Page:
Spaghetti is a dish best served cooked
- The Hills Run Red review by Count Otto Black
Yes, it's another of those movies billed as a "classic" by the folks round here, who, as far as I can tell, think that word applies to any film whose own packaging says it's a classic (so presumably they think the Democratic People's Republic of Korea is a democracy?), every film on the infamous "video nasties" list, and every movie ever made by Italians. This movie was undoubtedly made by Italians, so by the in-house definition it must be a classic. As usual, by everybody else's definition it's the exact opposite.
From the director of "Requiscant", a misfiring spaghetti western about a borderline retarded holy fool who wins gunfights mostly thanks to divine intervention which somehow forgot to be a comedy, comes further proof that if you haven't got the slightest idea how to film action in general and gunfights in particular, you really shouldn't make westerns. Some of the cinematography is so odd I assumed the film was shot in 3D, but apparently it wasn't, so presumably Carlo Lizzani (credited as "Lee W. Beaver" in an attempt to persuade American audiences the movie wasn't foreign) believed that if he included enough extreme close-ups of faces and other random objects looming into the camera lens at peculiar angles, it would look like a Sergio Leone film. Predictably, it doesn't.
Though it sounds a lot like one, in an "Ennio Morricone on a day when he simply couldn't be bothered" kind of way. In fact, it sounds so much like an exceptionally bad Morricone score that I looked it up, and that's exactly what it is. Presumably it was at his own request that his name was omitted from the credits. Which sums up everything wrong with the movie. Thomas Hunter, in his first major rôle and hoping to make the breakthrough into stardom (he didn't) is absolutely appalling. He would have been perfectly cast as one of the many slimy varmints gunned down by the hero, but inexplicably he plays the hero. Henry Silva and Dan Duryea, both well-known and thoroughly dependable western character actors who appeared in some genuine classic westerns alongside the likes of Randolph Scott, clearly know they're in a film so bad it's not worth making any attempt to save it. Duryea, who has very little to do except at the end and is completely absent from most of the film, seems to be trying not to laugh and only just succeeding, while Silva delivers a performance so over the top that it's the only truly entertaining thing in the film, though I very much doubt that Lizzani/Beaver directed Silva to act like a parody of himself. And everybody else acts about as well as the supporting cast in badly-dubbed spaghetti westerns usually do.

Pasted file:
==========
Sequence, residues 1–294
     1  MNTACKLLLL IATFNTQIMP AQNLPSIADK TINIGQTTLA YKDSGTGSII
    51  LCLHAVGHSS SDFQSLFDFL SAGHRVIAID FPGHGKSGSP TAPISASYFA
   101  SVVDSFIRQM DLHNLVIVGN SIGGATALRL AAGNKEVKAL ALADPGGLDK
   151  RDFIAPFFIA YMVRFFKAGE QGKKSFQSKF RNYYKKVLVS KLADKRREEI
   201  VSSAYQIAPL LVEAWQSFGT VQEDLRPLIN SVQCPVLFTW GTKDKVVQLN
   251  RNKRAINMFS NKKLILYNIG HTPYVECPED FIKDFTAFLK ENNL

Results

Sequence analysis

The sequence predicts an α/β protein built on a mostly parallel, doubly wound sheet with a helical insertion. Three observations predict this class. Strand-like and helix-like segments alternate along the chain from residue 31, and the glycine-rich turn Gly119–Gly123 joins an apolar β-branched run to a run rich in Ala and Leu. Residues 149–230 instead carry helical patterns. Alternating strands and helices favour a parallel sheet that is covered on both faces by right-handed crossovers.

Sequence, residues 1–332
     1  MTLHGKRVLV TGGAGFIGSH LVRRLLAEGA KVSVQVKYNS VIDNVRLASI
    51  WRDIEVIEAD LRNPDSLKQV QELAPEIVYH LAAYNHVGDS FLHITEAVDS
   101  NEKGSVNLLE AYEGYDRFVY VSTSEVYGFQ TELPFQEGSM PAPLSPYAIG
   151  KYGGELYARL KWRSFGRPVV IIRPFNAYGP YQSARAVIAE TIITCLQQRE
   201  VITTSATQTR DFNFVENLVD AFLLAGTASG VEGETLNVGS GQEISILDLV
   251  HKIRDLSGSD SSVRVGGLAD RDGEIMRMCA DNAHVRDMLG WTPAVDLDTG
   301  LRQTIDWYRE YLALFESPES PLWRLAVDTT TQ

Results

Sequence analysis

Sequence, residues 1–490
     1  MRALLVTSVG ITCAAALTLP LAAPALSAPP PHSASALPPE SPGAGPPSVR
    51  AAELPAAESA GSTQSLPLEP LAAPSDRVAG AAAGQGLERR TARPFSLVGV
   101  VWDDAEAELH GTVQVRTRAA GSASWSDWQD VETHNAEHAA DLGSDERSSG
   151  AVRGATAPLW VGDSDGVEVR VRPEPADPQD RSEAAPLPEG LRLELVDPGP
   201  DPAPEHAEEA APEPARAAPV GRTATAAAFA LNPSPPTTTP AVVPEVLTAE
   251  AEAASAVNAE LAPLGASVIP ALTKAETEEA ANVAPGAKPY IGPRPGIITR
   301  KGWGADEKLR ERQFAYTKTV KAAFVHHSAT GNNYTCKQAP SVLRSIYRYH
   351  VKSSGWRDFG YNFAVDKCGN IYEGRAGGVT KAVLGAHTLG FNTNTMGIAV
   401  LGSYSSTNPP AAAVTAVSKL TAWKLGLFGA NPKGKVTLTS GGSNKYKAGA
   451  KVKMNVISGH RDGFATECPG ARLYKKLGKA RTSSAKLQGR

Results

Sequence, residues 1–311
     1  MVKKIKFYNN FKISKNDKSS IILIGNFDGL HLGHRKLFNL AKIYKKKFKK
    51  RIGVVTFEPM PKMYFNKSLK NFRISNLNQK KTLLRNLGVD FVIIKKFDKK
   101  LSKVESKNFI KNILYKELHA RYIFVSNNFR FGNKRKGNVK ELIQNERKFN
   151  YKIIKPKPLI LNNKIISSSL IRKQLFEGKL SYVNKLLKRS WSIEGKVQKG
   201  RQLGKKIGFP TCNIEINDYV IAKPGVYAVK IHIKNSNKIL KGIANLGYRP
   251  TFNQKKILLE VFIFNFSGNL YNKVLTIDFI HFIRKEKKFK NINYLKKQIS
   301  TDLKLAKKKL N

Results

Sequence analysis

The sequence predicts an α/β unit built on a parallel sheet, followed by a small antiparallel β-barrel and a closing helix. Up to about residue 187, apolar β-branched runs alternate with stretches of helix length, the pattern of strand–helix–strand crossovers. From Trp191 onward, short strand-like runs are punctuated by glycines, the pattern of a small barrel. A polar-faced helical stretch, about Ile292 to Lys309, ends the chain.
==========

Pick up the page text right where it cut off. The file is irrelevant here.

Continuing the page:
People get killed in various ways, dynamite explodes, horses thunder about, and so on, but it doesn't really add up to anything except a list of ticked boxes. The overall feel is that it was made by a director who, if he was a chef, would think the secret of good cookery is to chuck all the ingredients straight in a casserole, bung it in the oven, et voila! If this movie was a meal, even the fruit salad would involve unpeeled fruit, and the chicken wouldn't bear thinking about. Luckily you don't have to eat it, just watch it. In fact, you don't even have to do that if you don't want to, so you probably shouldn't. One more thing. If you're familiar with the name "Dino De Laurentiis", you might find it useful to know that he produced this film. If you're not, you might find it useful to know that in the movie industry he was nicknamed "Dino De Horrendous". Enough said...
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